Gout causes symptoms and treatment methods in 2022

Gout causes symptoms and treatment methods in 2022

Gout is a form of arthritis that affects more than three million people each year. Also known as gouty arthritis, this disease causes uric acid crystals to form in a joint (often the big toe), resulting in severe pain, redness and swelling in the joint. And some factors, such as genetics, kidney disorders, poor diet, alcohol or obesity, may make you more likely to develop gout.

Treatment for gout can include over-the-counter (OTC) medications with prescription pain relievers aimed at reducing uric acid levels in the body. You can also minimize the symptoms of this disease by losing weight, exercising regularly, and avoiding foods that cause an excess of uric acid.

** Causes of gout

Certain medical conditions may increase the risk of gout, either because they impair kidney function (allowing uric acid to build up in the blood) or cause chronic inflammation (which some scientists believe boosts uric acid production). Examples include:

Chronic kidney disease (CKD).

Congestive heart failure (CHF).


Psoriatic arthritis.

Certainly, genetics can play a role in the development of this disease. One example is the genetic mutation in the SLC2A9 or SLC22A12 gene, which helps regulate the amount of uric acid the body makes. An unhealthy lifestyle can also greatly affect the development of this disease. Unhealthy lifestyles include:

Obesity, which is associated with increased levels of uric acid.

Eating a diet rich in urea, which the body converts into uric acid.

High-fructose drinks and alcoholic beverages that impair kidney excretion of uric acid.

Some medicines, especially diuretics, which can impair the excretion of uric acid in the kidneys, leading to an increase in the concentration of uric acid in the blood. And thus increases the causes and risk factors for gout.

** Symptoms of gout

Gout symptoms get worse over time if left untreated. The severity and frequency of these symptoms are also closely related to the stage of infection.

Stage I: Gout begins in its early stages without symptoms. During this time, persistently high levels of uric acid in the blood will cause it to form crystals around a joint. While you will not experience any symptoms at this point, the gradual build-up of these crystals will inevitably lead to fierce attacks of symptoms later on.

Stage 2: Acute intermittent gout is the next stage in which symptoms begin with some attacks lasting 3 to 10 days. The most common joints in which uric acid is deposited are (the big toe, the knees, the ankle, the foot, as well as the elbow, wrist, and fingers). Here the patient feels sudden and severe pain accompanied by swelling, stiffness, redness, fatigue and sometimes a slight fever.

The third stage: At this stage, the patient enters what is known as chronic gout, which is an advanced stage of the disease in which uric crystals collect in solid masses called stones. which can lead to the gradual erosion of bone and cartilage tissue; And even lead to deformation and chronic inflammation in the joints.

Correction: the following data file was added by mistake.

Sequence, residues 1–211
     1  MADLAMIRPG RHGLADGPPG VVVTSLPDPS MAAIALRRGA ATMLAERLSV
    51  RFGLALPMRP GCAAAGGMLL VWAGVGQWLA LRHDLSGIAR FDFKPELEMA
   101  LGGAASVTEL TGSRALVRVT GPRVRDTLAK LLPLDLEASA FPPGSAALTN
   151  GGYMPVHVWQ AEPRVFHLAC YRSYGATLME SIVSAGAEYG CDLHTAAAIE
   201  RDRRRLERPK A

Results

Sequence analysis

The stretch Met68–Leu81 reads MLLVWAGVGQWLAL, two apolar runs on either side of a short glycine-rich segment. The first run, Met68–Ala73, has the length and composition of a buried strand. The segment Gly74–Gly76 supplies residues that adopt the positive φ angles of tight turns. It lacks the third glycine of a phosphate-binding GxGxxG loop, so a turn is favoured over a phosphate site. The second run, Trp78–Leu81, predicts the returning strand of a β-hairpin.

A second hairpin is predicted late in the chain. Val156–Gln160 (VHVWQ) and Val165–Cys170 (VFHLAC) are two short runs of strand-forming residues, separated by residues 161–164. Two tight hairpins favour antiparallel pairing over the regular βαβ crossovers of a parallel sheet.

It is worth noting that complications of untreated gout include deterioration in kidney function and the formation of stones (kidney stones).


Gout is usually diagnosed on the basis of laboratory tests and a physical examination. Radiography may also be used to support physical and laboratory diagnosis; and/or assess the extent of joint damage caused by this disease. The gold standard for diagnosis is synovial fluid analysis, in which joint fluid is extracted with a needle and examined under a microscope for evidence of uric crystals.

It also includes other diagnostic tools; Kidney function tests and urinalysis to help assess your risk of developing kidney stones. In addition, various imaging tests may be used to assess the amount of joint damage. Among them are:

Ultrasound; It is the preferred method of testing as it can detect early joint damage.

X ray; X-rays can detect joint erosion, but not in its early stages.

Magnetic Resonance; Magnetic resonance imaging (MRI) and computerized tomography (CT) scans may provide clearer clues to the extent of damage to the affected joint.

**Methods of treating gout

Gout is treated on 3 levels:

Reducing pain and treating infections when they occur.

Reducing uric acid levels in the blood.

Reducing risk factors that lead to high levels of uric acid in the blood.

Gout pain can often be treated by resting and applying ice packs to the affected joint to reduce local swelling. With some anti-inflammatory drugs.

The levels of uric acid in the blood are also reduced by taking certain medications that specialize in it. With a healthy diet, avoid foods and drinks that increase the level of uric acid in the blood. If diet and drug interventions fail to treat gout, other medications that lower uric acid may be prescribed. Its side effects include stomach upset, nausea, and joint and muscle pain.

** How to deal with gout

While gout can be largely controlled with medication and complete rest, there are a number of self-care strategies you can try to reduce the frequency of acute attacks of gout. Which:

Avoid high-purine foods such as liver, red meat, mussels, tuna, and beer.

Increase your intake of fruits, vegetables, whole grains, and low-fat dairy.

Drink plenty of water daily to help remove uric acid through urination and dilute its concentration in the blood.

Lose weight if you are obese.

Elevate your foot when you feel severe pain.

Use a mobility device to take the pressure off the foot as much as possible.

Use relaxation techniques to better manage pain.

Knowing; If gout symptoms do not improve after 48 hours or persist for more than a week, you should see your doctor. This is because in some cases, medications may need to be changed or modified if they fail to provide relief to the patient.

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